Fauci and Karim awarded Maddox Prize for standing up for science during COVID-19 pandemic

By AfS Staff

December 15, 2020

Dr. Anthony Fauci of the United States and Salim S. Abdool Karim of South Africa have been jointly awarded the 2020 John Maddox Prize for standing up for science during the global coronavirus pandemic.

The prize recognizes their work as prominent government advisors on health during the COVID-19 pandemic as well as their exceptional communication of the science behind COVID-19 to the public and policymakers.

Fauci, director of the US National Institute of Allergy and Infectious Diseases (NIAID), was awarded the prize in recognition of his work to help the public understand the science behind complex and controversial public health issues, as well as how the nature of science influences government responses. Judges noted that while other government scientists have avoided the spotlight, Fauci has steadfastly responded to questions from the public.

Fauci said that his time in the public eye has taught him to tell the truth at all times and do everything that is science-based and evidence-based. And sometimes the truth means saying ‘I do not know.’”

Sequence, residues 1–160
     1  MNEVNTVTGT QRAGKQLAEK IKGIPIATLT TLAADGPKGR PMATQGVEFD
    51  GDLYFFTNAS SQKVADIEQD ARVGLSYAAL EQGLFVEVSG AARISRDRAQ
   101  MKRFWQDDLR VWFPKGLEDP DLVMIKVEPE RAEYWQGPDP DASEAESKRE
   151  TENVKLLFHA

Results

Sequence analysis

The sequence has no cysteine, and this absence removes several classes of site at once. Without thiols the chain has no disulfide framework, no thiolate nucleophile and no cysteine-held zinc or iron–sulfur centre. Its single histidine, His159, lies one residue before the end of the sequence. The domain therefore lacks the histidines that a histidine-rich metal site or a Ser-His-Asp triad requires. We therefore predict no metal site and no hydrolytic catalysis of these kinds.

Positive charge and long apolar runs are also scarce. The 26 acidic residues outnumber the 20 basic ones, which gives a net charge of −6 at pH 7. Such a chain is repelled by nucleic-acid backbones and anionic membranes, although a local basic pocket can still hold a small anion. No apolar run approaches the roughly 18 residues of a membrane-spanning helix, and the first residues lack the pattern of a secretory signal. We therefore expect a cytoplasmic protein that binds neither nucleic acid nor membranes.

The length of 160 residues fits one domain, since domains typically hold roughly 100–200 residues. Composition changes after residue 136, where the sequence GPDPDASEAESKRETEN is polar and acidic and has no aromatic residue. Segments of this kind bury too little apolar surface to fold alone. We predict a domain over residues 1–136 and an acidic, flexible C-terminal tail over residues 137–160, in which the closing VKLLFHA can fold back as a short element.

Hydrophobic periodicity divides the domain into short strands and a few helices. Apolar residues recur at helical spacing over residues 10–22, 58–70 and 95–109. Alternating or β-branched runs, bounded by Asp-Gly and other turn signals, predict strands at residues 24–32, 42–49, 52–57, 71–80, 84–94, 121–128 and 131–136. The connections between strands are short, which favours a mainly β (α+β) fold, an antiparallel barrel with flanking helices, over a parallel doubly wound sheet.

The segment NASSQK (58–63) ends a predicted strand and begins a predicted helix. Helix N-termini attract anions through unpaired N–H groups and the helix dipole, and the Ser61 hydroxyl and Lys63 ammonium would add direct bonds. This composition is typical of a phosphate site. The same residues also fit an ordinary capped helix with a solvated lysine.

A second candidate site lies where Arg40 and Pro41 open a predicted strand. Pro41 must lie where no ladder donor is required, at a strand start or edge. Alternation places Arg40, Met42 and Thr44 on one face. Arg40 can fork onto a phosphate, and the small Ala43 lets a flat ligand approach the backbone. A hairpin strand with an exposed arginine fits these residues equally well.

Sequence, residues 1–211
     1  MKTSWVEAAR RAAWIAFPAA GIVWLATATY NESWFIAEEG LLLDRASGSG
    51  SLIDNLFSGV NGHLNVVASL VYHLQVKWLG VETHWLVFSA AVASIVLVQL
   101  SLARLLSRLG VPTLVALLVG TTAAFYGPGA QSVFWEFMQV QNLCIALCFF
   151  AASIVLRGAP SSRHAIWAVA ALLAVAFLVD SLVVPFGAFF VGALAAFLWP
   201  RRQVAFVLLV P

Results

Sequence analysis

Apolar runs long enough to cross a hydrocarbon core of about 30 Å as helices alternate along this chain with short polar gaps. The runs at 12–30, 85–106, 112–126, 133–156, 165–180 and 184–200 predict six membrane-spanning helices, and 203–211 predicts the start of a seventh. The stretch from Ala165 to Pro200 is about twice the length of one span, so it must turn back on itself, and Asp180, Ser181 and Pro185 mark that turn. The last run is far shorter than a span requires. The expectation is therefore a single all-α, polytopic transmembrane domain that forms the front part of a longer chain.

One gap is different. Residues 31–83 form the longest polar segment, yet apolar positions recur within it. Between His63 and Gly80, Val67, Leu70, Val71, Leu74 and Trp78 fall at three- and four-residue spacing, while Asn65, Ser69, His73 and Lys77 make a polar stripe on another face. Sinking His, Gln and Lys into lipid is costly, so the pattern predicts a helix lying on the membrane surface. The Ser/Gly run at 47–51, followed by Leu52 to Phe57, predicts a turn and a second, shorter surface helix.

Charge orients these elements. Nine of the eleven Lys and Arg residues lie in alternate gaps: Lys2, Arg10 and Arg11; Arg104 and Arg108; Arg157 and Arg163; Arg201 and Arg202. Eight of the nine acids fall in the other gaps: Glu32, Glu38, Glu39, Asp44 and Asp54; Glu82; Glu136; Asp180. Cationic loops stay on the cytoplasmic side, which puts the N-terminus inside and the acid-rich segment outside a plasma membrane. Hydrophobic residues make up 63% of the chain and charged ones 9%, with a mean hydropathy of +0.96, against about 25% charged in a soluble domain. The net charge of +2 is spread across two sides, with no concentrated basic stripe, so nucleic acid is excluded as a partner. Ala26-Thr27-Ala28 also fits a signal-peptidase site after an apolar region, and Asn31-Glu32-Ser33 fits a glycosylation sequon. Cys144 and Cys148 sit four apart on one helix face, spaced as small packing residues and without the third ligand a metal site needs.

Karim, an infectious disease epidemiologist and director of the Centre for AIDS Programme of Research in South Africashowed similar dedication, the judges noted. He has a reputation for clear and honest communication, which has helped him generate public trust in fast-moving science. Karim is respected for his international science advocacy and engaging with the media, the judges found, and the public has become integral to his role as a scientist.

“Having scientifically challenged AIDS denialism over two decades, the COVID-19 pandemic turned out to be a much more complex challenge,” Karim said. “Providing scientific advice on COVID-19 in the midst of uncertainty and anxiety proved to be a difficult path, but one that was readily achieved by staying true to scientific evidence without bending to ideology or vested interests. Serving the public by promoting science, evidence and public discussion during two pandemics has been a privilege.”

The judges acknowledged the “enormous achievements” of Karim and Fauci, which date back to their work tackling AIDS. Over 30 years ago, Fauci oversaw much of the US government’s medical response to the AIDS crisis, while Karim was one of one of the scientists who spoke out against AIDS denialism in the early 2000s.

The prize, now in its ninth year, is a joint initiative of the charity Sense about Science and the scientific journal Nature, with support from Clare and Andrew Lyddon. It honors Sir John Maddox, who was a founding trustee of Sense about Science and editor of Nature for over 20 years.